FIG. 16A is a timing diagram showing the operation of the circuit of FIG. 14 where VCC =3V;

FIG. 16B is a timing diagram showing the operation of the device of FIG. 11 where VCC =3V;

FIG. 17 is a circuit diagram illustrating a modification of the timing pulse generating circuit of FIG. 14; and

FIG. 18 is a circuit diagram illustrating a modification of the voltage divider of FIGS. 14 and 17.

DESCRIPTION OF THE PREFERRED EMBODIMENT

Before the description of the preferred embodiment, a prior art semiconductor memory device will be explained with reference to FIGS. 1, 2, 3, 4, 5, 6, 7A, 7B, 8A, 8B, 9 and 10.

In FIG. 1, which illustrates a prior art semiconductor memory device, reference CCP designates an external power supply terminal to which a power supply voltage VCC is applied, and reference SSP designates an external ground voltage terminal to which a ground voltage GND is applied.

An address buffer AB receives external address signals A1, A2, A3, A4, A5, A6, . . . , Am-1 and Am, to generate internal address signals A1 ', A2 ', A3 ', A4,' A5 ', A6 ', . . . , Am-1 ' and Am '.

A memory cell array MCA is comprised of n󭅌 memory cells such as nonvolatile memory cells Mi.j (i=1, 2, . . . , n; j=1, 2, . . . , 64) provided at intersections between n word lines WL1, . . . , WLn and 64 bit lines BL1, . . . , BL8, BL9, . . . , BL16, . . . as illustrated in FIG. 2.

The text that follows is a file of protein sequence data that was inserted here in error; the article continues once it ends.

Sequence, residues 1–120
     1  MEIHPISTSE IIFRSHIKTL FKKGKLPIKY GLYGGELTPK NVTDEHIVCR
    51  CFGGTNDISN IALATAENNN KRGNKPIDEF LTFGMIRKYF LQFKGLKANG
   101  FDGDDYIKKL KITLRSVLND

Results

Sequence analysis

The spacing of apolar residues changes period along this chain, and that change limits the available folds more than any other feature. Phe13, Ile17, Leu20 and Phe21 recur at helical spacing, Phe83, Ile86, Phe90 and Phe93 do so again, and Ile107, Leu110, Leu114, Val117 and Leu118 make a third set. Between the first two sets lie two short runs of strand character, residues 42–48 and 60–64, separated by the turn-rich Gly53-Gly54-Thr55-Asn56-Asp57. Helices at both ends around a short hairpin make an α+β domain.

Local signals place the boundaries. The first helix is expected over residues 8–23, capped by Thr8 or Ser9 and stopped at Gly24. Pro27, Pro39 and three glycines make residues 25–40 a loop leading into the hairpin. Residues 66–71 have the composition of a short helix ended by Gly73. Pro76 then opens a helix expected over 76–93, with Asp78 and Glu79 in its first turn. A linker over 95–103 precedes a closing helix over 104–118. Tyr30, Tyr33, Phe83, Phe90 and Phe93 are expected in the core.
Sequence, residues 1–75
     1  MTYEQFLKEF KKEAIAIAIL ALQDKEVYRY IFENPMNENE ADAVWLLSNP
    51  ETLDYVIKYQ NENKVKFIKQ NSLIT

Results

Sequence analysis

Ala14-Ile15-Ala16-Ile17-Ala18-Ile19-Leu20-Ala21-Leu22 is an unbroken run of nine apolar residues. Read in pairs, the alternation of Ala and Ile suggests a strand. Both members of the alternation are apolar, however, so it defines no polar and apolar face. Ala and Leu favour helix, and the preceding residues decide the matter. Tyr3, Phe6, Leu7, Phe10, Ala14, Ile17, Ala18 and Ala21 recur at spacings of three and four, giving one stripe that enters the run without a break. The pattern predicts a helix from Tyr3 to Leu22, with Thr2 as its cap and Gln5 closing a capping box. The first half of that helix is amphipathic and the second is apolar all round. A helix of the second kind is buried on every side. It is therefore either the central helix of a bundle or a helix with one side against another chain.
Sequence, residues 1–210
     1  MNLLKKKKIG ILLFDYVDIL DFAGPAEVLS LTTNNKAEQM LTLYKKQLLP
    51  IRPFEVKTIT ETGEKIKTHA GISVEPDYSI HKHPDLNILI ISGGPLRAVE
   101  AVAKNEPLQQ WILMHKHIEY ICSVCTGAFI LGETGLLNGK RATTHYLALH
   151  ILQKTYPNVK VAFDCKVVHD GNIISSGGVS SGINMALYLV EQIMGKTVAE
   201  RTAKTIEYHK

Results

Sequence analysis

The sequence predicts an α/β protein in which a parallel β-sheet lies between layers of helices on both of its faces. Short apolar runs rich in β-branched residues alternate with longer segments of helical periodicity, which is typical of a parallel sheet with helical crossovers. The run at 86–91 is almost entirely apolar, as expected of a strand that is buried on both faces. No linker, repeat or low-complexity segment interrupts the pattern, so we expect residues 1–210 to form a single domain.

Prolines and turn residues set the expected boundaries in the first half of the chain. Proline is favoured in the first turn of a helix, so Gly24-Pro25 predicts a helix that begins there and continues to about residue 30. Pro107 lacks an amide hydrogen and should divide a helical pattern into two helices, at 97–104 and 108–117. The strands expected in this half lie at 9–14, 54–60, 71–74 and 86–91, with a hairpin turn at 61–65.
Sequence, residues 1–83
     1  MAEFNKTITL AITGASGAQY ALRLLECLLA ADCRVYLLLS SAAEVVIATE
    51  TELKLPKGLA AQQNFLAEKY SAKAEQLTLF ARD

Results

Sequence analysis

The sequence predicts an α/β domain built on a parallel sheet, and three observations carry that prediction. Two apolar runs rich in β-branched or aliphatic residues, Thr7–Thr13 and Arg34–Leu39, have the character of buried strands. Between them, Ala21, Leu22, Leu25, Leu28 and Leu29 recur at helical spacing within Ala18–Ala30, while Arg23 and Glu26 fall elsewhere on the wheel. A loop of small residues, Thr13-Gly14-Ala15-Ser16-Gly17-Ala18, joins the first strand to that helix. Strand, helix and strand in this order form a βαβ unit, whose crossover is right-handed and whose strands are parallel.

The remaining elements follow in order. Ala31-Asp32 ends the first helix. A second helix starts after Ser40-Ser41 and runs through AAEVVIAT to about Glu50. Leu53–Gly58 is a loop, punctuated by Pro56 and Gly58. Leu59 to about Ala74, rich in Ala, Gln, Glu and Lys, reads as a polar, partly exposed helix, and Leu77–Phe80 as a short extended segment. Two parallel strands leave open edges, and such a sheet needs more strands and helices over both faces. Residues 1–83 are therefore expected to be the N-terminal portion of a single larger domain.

One of the word lines WL1, WL2, . . . , WLn is selected by an X decoder XDEC which receives the internal address signals A4 ', A5 ', . . . , Am '. Also, one of the bit lines BL1, . . . , BL8, one of the bit lines BL9, . . . , BL16, . . . , are selected by a Y selector YSEL which receives Y selection signals Y1, Y2, . . . , Y8. In this case, the Y selection signals Y1, Y2, . . . , Y8 are generated by a Y decoder YDEC which receives the internal address signals A1 ', A2 ', and A3 ' to generate the Y selection signals Y1, Y2, . . . , Y8. As illustrated in FIG. 2, one of the bit lines BL1, . . . , BL8 is connected to a digit line DL1, one of the bit lines BL9, . . . , BL16 is connected to a digit line DL2, and so on.

The digit lines DL1, . . . , DL8 are connected to sense amplifiers SA1, . . . , SA8, respectively. Also, outputs SO1, . . . , SO8 of the sense amplifiers SA1, . . . , SA8 are connected to output buffers OUT1, . . . , OUT8, respectively, which are connected to output terminals O1, . . . , O8, respectively.